The N Reactor was cocooned in June 2012. The above photo is the N Reactor from April 2022.
N Reactor was the last of Hanford’s nine plutonium production reactors to be built. It was called a dual-purpose reactor; it not only produced plutonium for America’s defense program but it also generated electricity. At the time it was the only reactor of its kind in the country.
N Reactor was so revolutionary that then-President John F. Kennedy visited Hanford in 1963 to commemorate the start of plutonium production operations and break ground for the power-generating component of the facility.
The technology associated with N Reactor was far superior to that used in the first eight nuclear reactors at Hanford. N Reactor had a state-of-the-art cooling system that required significantly less water from the Columbia River to cool it during operations. The reactor was also built with a safety system that would automatically shut down the reactor in the event of a cooling water loss.
N Reactor operated from 1963 until 1987, when it was shut down for routine maintenance, refueling and safety upgrades. However, it was never restarted. Instead, the Department of Energy placed the reactor in standby status, which led to its eventual shutdown without ever going operational again. With more than 24 years of service, N Reactor was the longest-running reactor at Hanford.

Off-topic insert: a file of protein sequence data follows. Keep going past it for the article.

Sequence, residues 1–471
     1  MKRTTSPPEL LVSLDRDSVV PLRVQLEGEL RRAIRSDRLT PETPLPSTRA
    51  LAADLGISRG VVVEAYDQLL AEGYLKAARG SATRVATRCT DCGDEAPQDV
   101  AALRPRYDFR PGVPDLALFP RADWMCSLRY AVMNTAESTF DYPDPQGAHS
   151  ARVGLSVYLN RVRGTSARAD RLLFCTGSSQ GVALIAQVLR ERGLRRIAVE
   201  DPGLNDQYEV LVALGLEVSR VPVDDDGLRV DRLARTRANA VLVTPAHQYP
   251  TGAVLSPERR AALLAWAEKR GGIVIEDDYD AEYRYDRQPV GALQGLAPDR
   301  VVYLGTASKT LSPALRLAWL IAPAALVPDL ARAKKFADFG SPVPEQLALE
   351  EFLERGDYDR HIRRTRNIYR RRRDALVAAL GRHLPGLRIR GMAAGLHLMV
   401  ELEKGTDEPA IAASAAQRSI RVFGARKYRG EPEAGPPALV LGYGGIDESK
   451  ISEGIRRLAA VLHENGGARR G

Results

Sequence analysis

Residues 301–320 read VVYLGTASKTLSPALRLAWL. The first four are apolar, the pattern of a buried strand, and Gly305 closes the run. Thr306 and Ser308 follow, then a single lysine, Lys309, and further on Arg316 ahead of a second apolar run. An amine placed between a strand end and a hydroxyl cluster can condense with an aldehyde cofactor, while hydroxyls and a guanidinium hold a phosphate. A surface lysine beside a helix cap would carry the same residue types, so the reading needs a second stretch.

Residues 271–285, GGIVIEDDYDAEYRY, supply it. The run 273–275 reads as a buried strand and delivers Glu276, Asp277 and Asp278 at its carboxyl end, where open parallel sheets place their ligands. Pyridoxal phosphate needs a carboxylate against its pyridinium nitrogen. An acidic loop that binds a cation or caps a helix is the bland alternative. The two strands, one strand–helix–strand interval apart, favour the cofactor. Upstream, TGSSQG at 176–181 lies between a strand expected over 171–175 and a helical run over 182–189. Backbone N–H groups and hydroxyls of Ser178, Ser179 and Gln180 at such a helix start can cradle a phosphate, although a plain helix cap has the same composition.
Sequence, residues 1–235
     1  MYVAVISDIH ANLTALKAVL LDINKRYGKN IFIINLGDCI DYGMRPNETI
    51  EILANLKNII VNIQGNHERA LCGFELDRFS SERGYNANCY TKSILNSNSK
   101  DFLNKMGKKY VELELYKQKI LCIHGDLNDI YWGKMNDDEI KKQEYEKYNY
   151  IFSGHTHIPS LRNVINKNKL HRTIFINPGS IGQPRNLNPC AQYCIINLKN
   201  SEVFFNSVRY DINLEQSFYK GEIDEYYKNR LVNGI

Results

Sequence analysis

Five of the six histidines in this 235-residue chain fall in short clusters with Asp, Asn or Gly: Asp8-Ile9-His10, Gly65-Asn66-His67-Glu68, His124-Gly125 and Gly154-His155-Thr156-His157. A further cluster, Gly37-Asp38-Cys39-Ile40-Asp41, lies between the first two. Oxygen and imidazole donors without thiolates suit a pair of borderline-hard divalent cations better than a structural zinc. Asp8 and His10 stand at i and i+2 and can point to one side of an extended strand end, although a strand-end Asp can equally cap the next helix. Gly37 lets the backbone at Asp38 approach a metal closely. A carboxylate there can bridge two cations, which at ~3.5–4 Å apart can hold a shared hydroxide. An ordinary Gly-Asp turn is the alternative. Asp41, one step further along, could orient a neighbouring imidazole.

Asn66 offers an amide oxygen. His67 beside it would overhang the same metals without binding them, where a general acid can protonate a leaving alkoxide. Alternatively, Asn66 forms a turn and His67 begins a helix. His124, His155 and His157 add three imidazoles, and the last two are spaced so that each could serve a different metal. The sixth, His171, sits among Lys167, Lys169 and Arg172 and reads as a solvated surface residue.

When N Reactor was shut down, 1 million gallons of contaminated water were left in its storage basin, along with approximately one-third of Hanford’s supply of irradiated uranium fuel rods. Workers removed the water and sent it to Hanford facilities where it was treated and safely disposed of. The remaining irradiated fuel segments were placed in the K Basins and have since been moved to the Canister Storage Building, where they will stay until such time as a national repository can accept them.
In June 2012, N Reactor was placed in Interim Safe Storage, a process known as “cocooning.” As part of cocooning, workers removed all ancillary buildings and sealed up the reactor. The N Reactor cocoon, the largest at Hanford to date, encloses the reactor building (85,450 square feet) and steam generators used to produce electricity.